Ebola survivor to help U.S. patient
London — A British nurse who survived Ebola has traveled to the United States to donate blood to an American still battling the disease, an experimental measure some scientists think can help patients fight off the virus.
British nurse William Pooley was one of those infected while working in Sierra Leone and was flown back to London in August for treatment, where he recovered. The Foreign Office said Thursday that it had arranged for Pooley to get an emergency passport to fly quickly to the U.S. — his previous passport was burned as part of efforts to stop further transmission of the disease.
An Ebola outbreak that has struck Liberia, Sierra Leone, Guinea, Nigeria and Senegal is believed to have sickened nearly 5,000 people, about half of whom have died. There is no licensed treatment or vaccine for Ebola, but doctors have tried out novel drugs and treatments on a handful of patients in this outbreak.
A French nurse for Doctors Without Borders in Monrovia was being flown to Paris on Thursday from Liberia, where she was infected. The woman, who first showed symptoms on Tuesday, was conscious and being taken to a hospital prepared to treat Ebola patients. Officials declined to comment on how she would be treated.
Since the Ebola outbreak began, at least seven international health workers have been taken abroad for treatment.
But with no recognized drugs, public health experts have kept the focus on isolating the sick and tracking down anyone those infected have come into contact with. In past outbreaks, stopping the chain of transmission has been crucial to defeating the disease, but the current outbreak has spiraled out of control, leading to more stringent measures including travel restrictions and the cordoning off of entire communities.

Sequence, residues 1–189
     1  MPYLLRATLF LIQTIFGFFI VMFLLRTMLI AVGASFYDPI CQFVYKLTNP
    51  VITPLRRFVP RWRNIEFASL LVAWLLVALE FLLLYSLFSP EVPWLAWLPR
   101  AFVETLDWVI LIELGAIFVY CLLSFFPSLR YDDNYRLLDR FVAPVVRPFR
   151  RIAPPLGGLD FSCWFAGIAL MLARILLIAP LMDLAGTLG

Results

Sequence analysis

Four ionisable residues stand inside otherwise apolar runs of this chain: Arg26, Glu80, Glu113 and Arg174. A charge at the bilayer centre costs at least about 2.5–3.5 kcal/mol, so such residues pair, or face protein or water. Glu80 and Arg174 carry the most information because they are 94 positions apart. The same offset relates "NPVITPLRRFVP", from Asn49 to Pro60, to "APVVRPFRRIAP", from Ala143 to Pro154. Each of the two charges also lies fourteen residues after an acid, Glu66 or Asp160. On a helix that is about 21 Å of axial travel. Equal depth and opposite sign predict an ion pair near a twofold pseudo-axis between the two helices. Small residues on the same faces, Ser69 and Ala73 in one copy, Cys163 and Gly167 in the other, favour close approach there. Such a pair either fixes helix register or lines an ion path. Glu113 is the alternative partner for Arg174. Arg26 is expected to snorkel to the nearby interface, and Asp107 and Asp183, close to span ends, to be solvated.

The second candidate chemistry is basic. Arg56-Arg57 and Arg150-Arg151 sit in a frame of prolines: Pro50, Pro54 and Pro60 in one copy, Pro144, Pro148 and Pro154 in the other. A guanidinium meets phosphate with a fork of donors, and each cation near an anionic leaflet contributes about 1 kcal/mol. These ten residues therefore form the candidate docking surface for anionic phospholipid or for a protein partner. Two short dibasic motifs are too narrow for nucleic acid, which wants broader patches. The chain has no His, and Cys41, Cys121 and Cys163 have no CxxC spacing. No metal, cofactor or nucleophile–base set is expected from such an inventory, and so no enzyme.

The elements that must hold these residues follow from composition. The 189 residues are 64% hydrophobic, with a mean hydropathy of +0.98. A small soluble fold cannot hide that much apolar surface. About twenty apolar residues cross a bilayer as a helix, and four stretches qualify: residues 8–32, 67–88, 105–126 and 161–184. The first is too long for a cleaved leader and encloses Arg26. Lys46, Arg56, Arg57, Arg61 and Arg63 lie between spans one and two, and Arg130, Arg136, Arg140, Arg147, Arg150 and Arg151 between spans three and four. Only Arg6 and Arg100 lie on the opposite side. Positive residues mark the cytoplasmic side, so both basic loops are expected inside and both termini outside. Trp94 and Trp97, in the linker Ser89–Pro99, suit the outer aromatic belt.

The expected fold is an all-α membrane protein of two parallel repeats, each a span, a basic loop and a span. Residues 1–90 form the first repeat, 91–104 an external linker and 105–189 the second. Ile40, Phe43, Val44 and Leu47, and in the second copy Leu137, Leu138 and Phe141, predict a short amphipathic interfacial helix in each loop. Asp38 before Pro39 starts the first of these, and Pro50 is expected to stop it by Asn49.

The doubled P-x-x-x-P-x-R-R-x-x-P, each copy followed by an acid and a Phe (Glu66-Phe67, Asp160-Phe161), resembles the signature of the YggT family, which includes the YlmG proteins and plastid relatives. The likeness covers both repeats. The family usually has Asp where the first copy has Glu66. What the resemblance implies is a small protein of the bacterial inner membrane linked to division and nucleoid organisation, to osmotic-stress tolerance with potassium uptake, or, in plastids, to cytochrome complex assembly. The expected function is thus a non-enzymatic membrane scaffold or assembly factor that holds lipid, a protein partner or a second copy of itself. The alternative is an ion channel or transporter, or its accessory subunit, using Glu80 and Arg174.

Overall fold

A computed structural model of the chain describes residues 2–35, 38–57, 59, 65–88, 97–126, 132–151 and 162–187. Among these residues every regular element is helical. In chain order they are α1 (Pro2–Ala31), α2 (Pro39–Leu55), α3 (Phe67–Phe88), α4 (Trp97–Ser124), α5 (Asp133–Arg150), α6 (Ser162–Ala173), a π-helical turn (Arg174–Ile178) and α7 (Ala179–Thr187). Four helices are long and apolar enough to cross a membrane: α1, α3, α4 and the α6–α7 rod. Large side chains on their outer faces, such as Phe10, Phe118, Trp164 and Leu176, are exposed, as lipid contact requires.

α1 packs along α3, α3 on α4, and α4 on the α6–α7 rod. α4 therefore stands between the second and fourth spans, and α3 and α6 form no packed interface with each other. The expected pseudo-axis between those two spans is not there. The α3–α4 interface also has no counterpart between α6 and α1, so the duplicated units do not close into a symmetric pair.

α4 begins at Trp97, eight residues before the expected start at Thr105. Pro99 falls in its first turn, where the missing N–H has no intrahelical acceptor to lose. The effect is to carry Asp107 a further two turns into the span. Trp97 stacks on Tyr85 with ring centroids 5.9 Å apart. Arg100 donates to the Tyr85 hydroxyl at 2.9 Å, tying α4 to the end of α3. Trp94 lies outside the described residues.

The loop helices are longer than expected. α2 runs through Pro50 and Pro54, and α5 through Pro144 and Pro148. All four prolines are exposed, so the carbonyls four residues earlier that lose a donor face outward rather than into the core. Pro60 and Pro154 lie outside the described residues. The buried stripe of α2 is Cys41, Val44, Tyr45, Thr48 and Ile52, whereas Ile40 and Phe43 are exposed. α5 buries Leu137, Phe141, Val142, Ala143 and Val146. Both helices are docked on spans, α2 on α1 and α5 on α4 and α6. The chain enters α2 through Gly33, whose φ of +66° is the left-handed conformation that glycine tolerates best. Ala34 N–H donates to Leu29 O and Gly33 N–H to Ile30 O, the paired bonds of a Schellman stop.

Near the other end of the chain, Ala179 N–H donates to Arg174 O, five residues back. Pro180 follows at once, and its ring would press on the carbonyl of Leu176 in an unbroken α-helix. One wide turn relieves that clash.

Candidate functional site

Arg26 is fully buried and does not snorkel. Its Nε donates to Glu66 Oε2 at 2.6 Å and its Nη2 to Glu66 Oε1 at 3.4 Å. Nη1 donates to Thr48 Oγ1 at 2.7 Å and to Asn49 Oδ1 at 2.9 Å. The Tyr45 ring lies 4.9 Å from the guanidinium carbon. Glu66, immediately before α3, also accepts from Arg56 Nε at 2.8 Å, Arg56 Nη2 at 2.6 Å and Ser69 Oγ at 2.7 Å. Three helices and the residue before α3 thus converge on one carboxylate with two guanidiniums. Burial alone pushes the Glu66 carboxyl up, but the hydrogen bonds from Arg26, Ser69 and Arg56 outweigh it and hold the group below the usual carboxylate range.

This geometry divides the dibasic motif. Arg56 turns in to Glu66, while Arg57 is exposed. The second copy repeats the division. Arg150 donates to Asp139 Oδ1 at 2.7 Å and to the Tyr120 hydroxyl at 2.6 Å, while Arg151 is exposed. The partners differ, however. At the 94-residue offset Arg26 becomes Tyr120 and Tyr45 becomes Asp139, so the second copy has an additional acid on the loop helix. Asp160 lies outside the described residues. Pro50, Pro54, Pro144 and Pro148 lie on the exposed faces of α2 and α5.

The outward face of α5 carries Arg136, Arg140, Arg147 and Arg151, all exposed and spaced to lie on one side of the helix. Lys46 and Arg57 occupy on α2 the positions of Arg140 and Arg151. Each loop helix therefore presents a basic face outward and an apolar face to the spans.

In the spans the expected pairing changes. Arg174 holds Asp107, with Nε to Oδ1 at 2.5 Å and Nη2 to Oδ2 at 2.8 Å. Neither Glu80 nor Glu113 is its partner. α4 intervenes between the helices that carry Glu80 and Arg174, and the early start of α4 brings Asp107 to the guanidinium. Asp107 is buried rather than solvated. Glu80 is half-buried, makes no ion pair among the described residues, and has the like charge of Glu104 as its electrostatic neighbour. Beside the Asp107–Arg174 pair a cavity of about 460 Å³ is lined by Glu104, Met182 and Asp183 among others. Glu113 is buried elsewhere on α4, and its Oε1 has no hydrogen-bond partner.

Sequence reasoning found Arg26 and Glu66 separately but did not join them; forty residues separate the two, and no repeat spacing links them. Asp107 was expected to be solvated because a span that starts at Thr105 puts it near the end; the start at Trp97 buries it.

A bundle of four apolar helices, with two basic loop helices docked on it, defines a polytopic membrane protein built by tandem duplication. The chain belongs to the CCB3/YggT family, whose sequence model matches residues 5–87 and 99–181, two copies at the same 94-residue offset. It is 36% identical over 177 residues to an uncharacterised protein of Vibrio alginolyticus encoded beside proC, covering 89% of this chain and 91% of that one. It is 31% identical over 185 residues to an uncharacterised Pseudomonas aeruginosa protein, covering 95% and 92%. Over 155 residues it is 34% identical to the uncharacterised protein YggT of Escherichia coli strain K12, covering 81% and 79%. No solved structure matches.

Sierra Leone is preparing to shut down for three days, starting Thursday at midnight, asking everyone to stay at home. Volunteers will go house to house with information about Ebola and how to prevent it and will also look for unreported cases. The World Health Organization has said that the official toll is probably a gross underestimate and that most patients are at home — and infecting others in the community — not in treatment centers.
The outbreak has taken a particularly high toll on health workers such as Pooley, who are at high risk because they have close contact with patients. Ebola is spread through contact with the bodily fluids of those who are showing symptoms or those who have died of the disease.
It was not disclosed which American patient would be receiving blood from Pooley. Two Americans are currently receiving treatment for Ebola in the U.S.
Doctors said Wednesday that aid worker Rick Sacra, who is being treated in Nebraska, is now expected to make a full recovery. The other, a WHO doctor, has not been identified.
Blood transfusions from survivors have been given to a handful of patients battling Ebola during this outbreak, including Sacra. Scientists think antibodies in the blood of people who have survived Ebola might help others infected with the disease, and WHO has recommended that such blood transfusions be offered to patients. But the evidence on whether the treatment works is mixed.
Confusion and fear about the disease and anger over some of these measures has occasionally sparked unrest. In Guinea this week, a team that was doing disinfection and education on prevention methods was attacked. A group of young people grabbed the team from a village in the country's southeast, the epicenter of the disease, and they are still missing, a local government official said.
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